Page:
Memory Tapes, "Grace/Confusion"
Memory Tapes, "Grace/Confusion"
Yes, chillwave is still around. Yes, it still takes a lot of abuse. No, it doesn't really deserve it.

Memory Tapes (aka Dayve Hawk) might not be the finest the genre has to offer, but he produces reliably good work that varies enough from one release to the next to keep you interested. Grace/Confusion is a colorful cloud of free floating pop, clocking it at album length but doing so in only six tracks.

Each expansive song builds and shifts, sometimes organically and sometimes uneasily. The relatively upbeat “Thru the Field” periodically drops its driving backbeat and celebratory synths and guitar riffs for slowing burning, sparse melodies. Dark and muddy drones of “Let Me Be” are eventually joined by a melody of sounds produced by a synth-soaked steel drum. “Sheila,” the album's longest track at eight and a half minutes, wavers around processed falsetto vocals, grandiose electric guitar, rock drums, drum machines, and ‘80s synth melodies that soar, twinkle and pulse.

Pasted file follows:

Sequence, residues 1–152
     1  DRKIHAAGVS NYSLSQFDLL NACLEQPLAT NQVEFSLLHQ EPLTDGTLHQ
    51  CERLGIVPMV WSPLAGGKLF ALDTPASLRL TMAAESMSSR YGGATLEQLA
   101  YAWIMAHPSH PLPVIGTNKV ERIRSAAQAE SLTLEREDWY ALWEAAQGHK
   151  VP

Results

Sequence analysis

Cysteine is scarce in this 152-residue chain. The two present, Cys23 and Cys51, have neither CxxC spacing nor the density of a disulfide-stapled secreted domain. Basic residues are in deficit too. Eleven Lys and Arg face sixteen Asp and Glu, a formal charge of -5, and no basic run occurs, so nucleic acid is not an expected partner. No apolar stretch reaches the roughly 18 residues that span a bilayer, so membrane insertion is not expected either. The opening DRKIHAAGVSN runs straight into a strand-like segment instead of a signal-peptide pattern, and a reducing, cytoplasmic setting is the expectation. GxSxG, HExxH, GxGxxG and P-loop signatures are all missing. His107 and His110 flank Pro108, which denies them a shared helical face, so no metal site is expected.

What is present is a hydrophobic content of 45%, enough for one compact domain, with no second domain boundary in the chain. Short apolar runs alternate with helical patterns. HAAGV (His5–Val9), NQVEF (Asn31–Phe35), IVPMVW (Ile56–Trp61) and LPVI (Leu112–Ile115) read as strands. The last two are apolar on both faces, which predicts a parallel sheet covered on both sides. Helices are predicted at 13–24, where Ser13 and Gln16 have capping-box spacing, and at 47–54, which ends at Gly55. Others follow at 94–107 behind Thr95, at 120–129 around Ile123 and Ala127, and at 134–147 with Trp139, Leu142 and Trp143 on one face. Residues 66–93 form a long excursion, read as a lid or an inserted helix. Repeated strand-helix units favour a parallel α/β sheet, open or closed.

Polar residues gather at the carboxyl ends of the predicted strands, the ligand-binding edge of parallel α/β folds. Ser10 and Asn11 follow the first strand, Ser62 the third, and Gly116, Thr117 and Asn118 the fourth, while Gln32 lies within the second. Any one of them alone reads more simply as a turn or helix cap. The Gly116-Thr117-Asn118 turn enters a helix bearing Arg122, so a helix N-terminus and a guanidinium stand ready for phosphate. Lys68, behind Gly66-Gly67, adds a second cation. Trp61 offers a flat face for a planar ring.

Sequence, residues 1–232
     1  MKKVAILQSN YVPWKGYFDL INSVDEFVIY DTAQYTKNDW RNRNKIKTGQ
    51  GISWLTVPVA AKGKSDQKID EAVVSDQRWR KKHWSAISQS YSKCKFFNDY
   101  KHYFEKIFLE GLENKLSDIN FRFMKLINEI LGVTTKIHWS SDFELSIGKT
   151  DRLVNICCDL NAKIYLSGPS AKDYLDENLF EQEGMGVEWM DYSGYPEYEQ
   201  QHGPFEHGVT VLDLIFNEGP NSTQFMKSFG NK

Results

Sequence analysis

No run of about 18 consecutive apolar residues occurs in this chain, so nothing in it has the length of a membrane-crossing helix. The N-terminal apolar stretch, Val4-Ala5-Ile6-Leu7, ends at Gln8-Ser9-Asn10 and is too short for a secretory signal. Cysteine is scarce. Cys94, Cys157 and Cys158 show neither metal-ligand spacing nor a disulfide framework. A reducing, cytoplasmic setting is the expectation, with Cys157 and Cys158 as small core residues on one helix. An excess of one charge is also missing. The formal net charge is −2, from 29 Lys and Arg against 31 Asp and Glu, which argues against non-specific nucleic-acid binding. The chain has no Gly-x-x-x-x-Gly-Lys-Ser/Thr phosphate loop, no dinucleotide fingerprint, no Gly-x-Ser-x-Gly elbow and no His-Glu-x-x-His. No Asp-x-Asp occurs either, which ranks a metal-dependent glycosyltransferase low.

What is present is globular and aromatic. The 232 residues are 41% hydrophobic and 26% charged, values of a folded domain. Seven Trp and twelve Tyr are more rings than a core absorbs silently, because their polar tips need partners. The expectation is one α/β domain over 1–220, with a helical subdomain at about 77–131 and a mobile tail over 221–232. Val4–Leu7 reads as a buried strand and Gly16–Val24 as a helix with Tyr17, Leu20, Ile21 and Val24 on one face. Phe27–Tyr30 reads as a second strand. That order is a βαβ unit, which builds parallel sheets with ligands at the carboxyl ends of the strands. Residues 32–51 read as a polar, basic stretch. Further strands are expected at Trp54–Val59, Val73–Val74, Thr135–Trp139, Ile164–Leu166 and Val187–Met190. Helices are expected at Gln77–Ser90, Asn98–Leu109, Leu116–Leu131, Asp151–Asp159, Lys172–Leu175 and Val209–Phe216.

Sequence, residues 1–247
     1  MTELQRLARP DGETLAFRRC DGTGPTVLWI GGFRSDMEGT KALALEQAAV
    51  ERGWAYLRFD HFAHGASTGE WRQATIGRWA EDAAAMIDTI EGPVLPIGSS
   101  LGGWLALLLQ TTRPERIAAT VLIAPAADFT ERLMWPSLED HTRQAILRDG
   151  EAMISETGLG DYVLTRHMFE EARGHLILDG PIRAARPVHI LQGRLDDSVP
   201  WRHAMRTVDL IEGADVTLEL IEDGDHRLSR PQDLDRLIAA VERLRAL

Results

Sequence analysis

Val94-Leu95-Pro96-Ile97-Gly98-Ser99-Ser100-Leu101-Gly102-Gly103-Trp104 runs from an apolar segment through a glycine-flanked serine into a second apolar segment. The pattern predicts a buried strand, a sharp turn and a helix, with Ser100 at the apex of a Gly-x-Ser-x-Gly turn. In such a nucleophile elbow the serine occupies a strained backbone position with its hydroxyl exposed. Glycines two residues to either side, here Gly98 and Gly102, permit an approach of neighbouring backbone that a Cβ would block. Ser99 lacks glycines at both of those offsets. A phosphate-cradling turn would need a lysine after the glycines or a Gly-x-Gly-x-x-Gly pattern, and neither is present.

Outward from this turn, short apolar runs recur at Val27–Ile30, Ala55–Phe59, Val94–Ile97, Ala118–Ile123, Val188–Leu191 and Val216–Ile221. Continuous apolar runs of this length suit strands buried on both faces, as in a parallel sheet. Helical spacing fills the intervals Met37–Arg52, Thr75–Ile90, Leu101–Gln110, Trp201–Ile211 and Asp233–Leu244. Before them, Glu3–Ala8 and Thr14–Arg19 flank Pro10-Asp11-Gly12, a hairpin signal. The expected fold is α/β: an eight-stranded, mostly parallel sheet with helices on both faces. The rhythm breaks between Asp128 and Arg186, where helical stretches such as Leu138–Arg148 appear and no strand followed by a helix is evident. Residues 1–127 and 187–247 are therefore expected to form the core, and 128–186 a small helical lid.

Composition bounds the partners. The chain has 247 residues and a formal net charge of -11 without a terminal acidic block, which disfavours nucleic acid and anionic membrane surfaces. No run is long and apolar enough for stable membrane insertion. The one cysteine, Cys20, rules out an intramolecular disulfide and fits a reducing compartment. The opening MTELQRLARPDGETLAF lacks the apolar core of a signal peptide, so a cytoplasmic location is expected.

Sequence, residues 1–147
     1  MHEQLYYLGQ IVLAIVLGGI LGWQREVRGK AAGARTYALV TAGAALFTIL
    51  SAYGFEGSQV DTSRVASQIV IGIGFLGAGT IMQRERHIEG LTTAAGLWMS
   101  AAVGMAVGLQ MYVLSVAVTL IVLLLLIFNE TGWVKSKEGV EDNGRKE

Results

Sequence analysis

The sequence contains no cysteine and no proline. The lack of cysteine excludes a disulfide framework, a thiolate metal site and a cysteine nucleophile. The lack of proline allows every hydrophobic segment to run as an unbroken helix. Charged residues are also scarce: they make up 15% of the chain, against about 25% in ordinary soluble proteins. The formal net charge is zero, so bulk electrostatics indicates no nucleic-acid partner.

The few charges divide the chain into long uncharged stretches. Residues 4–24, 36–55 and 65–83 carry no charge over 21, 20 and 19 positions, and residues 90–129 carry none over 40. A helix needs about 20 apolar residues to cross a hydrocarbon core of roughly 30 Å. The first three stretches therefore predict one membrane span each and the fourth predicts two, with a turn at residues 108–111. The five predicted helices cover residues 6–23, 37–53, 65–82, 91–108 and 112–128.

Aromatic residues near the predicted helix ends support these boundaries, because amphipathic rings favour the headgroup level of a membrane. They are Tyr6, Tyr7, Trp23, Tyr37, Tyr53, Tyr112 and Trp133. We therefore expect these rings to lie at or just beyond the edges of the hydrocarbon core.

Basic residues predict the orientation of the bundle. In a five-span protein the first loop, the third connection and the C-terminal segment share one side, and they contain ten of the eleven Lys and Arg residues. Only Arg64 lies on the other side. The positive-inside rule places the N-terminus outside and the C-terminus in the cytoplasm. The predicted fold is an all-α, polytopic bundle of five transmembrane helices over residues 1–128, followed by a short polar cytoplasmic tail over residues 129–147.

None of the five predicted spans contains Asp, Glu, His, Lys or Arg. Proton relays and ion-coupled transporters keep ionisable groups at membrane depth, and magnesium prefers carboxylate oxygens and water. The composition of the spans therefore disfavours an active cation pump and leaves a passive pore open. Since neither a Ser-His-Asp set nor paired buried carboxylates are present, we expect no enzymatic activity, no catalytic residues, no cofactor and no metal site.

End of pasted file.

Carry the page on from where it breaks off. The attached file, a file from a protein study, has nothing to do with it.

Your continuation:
If you're giving Grace/Confusion a close listen, it might let you down a few times. Just when it feels like a track is building to something, it loses momentum and fades away. But maybe that's a chillwave problem in general. And on that note, the album satisfies in terms of what makes chillwave enjoyable. You can zone out and sink into it without caring too much where it goes, as long as it sounds nice while it's wandering.